Posts Tagged “616”

The End is Not NearI’ve already blogged a couple of times about Christian crank David Meade, who claims a “Biblical prophecy” (bolstered by numerology, pseudoastronomy, solar eclipses, the Egyptian pyramids, Bible codes, and conspiratorialism) predicts “the End of the World” will start this coming Saturday, September 23, 2017. Initially these stories were found only in Rupert Murdoch’s outlets, but many others have picked up this story. Some relay it as breathlessly as Murdoch’s papers, channels, and sites, but others treat it more dismissively (recognizing it as the bullshit it is).

One outlet that dismisses it is Christianity Today, which protested this kind of crap (Archive.Is cached article):

Again, we must deal with fake news. I’ve written on this numerous times before here and here and, undoubtedly, this won’t be the last time.

In this case, it’s making Christians look silly.

Again.

But there it is on the front page of Fox News, “Christian doomsdayers claim world will end next week.”

It’s under the heading “Science.” When you click on it, the article headline proclaims, “Biblical prophecy claims the world will end on Sept. 23, Christian numerologists claim.”

Note, first of all, that CT‘s chief objection to this “Biblical prophecy” is not that it’s all bullshit, predicated on distortions and lies. Oh no. Their initial objection is “it’s making Christians look silly.” Well, duh. Of course it is! It’s making Christians look silly, because this sort of bullshit is entirely consistent with Christianity’s long history of trotting out “prophecies” which are dire scenarios of death and destruction. Arguably, Christianity itself was clearly inspired by 1st century CE apocalyptic Judaism … so the propounding of apocalyptic doom is entirely within its wheelhouse! If Christians don’t want to look silly, they need to alter their religion so it doesn’t lead to this kind of doomsaying, and they need to shut down — and shut up — anyone in their religion who does so.

Yeah I know, good luck with that. Clearly Christians have no desire to do this … hence, if those crankish doomsayers make them look bad, they have no one to blame but themselves for allowing those doomsayers to run amok for the last two millennia.

But on top of that “boo hoo hoo, this crank makes us look bad” whine, CT goes on to explain:

No, the world won’t end on September 23rd and, Fox News, believe it or not, there is no such thing as a ‘Christian numerologist.’

Note the claim at the end of this sentence: “There is no such thing as a ‘Christian numerologist.’” That, unfortunately for CT, is simply not true. There absolutely are “Christian numerologists” because numerology is embedded within the religion.

Consider the significance of certain numbers, in Christian scripture: The numbers 3, 7, and 12 (for example) figure in repeatedly. Adam and Eve had 3 sons, and so did Noah; Jesus was accompanied by 3 apostles in the Transfiguration; Peter denied him 3 times; Jesus was dead 3 days; the world was created in 7 days; the book of Revelation begins with 7 letters to 7 churches of Asia; later in it, there are 7 seals and 7 trumpets; Jacob/Israel had 12 sons who founded 12 tribes; Jesus had 12 apostles; 144,000 (or 12×12) “sons of Israel” appear in Revelation; and on and on it goes. Numbers clearly matter in the Bible. They have metaphorical and metaphysical meaning, on many levels. This inevitably leads to numerological analysis.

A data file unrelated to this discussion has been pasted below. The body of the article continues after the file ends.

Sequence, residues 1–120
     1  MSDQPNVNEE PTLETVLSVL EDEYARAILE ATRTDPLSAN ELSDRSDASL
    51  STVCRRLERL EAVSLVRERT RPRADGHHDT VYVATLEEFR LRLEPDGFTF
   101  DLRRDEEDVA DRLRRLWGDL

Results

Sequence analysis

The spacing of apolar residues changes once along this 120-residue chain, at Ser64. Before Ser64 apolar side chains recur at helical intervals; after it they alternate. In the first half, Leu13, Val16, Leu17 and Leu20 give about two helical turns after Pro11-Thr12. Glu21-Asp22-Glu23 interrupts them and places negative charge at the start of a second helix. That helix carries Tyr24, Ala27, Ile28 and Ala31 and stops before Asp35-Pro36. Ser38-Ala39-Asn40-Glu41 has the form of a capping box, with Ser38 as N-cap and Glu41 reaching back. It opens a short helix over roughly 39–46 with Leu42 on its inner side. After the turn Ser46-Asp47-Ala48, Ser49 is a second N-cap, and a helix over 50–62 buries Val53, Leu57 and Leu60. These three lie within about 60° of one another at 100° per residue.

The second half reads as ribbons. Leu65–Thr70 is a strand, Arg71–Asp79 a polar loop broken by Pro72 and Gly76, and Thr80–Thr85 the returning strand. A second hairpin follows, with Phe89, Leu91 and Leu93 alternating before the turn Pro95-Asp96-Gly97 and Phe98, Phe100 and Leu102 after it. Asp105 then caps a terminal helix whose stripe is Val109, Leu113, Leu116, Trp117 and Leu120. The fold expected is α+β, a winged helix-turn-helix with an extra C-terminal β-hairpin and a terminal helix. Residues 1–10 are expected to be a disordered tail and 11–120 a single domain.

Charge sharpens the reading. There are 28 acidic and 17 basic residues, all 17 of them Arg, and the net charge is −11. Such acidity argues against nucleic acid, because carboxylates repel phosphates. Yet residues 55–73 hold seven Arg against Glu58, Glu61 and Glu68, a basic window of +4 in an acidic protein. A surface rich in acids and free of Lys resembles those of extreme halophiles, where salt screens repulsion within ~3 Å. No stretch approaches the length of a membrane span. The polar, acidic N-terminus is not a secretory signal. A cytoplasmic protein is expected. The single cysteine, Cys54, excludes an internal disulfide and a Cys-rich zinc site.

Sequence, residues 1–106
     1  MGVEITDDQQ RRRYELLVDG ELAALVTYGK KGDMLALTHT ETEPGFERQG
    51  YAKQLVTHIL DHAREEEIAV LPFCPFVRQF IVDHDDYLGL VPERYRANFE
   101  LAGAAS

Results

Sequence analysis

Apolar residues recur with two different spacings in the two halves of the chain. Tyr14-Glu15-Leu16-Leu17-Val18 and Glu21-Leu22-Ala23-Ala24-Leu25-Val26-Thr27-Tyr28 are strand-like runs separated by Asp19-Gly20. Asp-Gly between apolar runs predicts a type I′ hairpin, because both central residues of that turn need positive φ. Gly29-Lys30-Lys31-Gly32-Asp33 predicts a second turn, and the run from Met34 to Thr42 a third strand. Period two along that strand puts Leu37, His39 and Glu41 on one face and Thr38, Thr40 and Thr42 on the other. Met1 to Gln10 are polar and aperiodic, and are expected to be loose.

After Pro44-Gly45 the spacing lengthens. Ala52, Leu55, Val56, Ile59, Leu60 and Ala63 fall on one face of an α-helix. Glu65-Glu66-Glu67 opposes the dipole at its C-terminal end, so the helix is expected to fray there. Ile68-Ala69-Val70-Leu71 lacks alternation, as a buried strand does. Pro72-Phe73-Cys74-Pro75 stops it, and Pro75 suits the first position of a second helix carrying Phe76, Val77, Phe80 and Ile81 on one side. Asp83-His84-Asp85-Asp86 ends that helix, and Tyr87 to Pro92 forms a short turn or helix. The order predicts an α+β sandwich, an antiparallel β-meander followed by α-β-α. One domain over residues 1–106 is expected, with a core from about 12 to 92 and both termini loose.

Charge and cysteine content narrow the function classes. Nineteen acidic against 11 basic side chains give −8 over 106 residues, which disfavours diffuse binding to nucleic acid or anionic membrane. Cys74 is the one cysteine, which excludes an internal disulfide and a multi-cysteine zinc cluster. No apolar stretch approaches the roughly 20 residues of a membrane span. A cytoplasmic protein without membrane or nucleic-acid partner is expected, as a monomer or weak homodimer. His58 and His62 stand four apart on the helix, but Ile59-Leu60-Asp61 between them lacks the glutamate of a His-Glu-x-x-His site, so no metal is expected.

What’s more, there’s actually explicit numerology in scripture. Specifically, it’s found in Revelation:

Here is wisdom. Let him who has understanding calculate the number of the beast, for the number is that of a man; and his number is six hundred and sixty-six. (Revelation 13:18)

But some early manuscripts say “the number of the Beast” is 616, not 666 (fortunately, some modern Bible translations indicate this). This is hard to make sense of, if one assumes (as many Christians do) that Revelation’s Beast is some future person; but if one is looking for historical figures whom the author of Revelation knew about (it was probably composed in the 90s CE), there’s one obvious candidate that could explain this coincidence. That infamous person’s name, in Greek, when transliterated into Hebrew and rendered using Hebrew gematria, is 666, but his Latin name (also transliterated into Hebrew) becomes 616. That infamous person is none other than the Roman emperor Nero. Nero was said to have persecuted Christians (both Christian and non-Christian authors report it). He is also said to have martyred the apostle Peter. He was, to put it briefly, a common bogeyman among Christians (not wholly unreasonably, it seems). So it makes sense for him to have inspired the figure of “the Beast.”

At any rate, to say there’s no such thing as a Christian numerologist is to assert there was no special use of numbers within Christian tradition, and especially in the Bible — which on its face is foolish. All by itself, “the number of the Beast” is numerology. Period.

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The number of the Beast … 666 … or, is it 616 instead? (cf. Revelation 13:18) / PsiCop originalThe whole thing about 666 being “the Number of ‘the Beast'” and Christians, especially of the fundamentalist sort, being terrified of it for no rational reason, continues to be a problem. WLEX-TV in Lexington, KY reports on a runner who refused to enter a race because she’d been assigned the number “666” (WebCite cached article):

A Whitley County student athlete says it would have gone against her religious beliefs to run with the race number ‘6-6-6’. She and her coach tried to get her a different number, and were told they could not.

Nerves over the race turned to frustration for Whitley County High School junior Codie Thacker because of a different number. It would have been her third time running this race. “I’ve trained since June for this race,” she said.…